According to the material available, the Shunga government was like the Mauryan one though it was not that tightly knit. The founder of the dynasty, Pushyamitra, held two royal sacrifices (horse-sacrifies) to assert his authority but still called himself senapat.

His successors called themselves rajan Pushyamitra’s son ruled in Vidisa as a viceroy on behalf of his father, and this indicates the continuation of the Mauryan practice of prince-viceroys. However, unlike the Mauryas, they added royal titles to their names subsequently.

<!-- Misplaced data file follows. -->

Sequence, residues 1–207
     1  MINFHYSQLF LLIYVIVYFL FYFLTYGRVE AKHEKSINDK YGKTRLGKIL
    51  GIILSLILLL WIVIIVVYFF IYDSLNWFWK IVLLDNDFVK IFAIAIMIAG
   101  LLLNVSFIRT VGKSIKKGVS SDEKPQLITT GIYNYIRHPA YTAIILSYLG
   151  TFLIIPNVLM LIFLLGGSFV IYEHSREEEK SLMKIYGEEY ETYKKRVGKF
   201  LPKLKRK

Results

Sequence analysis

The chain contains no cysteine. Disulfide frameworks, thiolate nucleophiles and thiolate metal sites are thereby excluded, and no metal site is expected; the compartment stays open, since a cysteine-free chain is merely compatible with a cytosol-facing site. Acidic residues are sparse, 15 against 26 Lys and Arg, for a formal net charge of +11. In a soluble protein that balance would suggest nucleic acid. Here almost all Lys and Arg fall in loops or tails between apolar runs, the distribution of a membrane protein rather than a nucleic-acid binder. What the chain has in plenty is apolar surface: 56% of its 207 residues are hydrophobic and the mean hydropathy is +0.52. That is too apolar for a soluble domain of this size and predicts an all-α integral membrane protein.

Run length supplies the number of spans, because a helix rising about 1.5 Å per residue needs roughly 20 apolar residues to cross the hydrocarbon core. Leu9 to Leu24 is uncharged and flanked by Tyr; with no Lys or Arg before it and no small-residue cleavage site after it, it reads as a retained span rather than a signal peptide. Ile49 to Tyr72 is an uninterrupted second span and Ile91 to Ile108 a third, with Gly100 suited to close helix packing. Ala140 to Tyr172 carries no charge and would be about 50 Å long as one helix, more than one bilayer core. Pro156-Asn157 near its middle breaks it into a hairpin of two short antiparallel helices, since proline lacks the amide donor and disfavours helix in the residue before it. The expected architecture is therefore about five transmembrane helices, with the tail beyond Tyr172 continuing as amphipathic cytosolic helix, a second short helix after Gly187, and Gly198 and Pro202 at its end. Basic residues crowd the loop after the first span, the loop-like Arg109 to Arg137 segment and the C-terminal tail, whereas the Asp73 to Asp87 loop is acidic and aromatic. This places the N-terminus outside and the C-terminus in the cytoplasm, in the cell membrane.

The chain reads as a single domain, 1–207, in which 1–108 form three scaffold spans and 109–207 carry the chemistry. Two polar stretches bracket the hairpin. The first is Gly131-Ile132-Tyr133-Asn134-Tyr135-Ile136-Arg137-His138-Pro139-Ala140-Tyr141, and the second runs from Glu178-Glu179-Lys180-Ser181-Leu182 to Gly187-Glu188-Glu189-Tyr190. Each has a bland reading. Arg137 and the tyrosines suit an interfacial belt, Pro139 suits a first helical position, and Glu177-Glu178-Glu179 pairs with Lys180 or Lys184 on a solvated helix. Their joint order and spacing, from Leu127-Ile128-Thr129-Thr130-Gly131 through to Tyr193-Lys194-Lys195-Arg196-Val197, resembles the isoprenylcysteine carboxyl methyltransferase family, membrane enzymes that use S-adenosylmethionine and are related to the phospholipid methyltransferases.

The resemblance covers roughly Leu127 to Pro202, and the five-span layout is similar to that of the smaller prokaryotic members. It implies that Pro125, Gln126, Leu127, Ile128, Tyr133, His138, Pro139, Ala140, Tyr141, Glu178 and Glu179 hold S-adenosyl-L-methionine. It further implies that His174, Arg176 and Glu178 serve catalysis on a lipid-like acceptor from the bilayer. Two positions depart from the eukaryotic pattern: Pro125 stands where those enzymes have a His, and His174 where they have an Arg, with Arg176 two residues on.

The king and the viceroy (at his provincial capital) had a council of ministers like the Mauryas had. Agnimitra, a powerful ruler, probably did not consult his council much but instructed them to carry out his decrees.

The Shungas had a number of feudatories (some of them being blood relatives) who struck coins in their own names and sometimes took on royal tides too. These feudatories merely owed the Shungas political allegiance.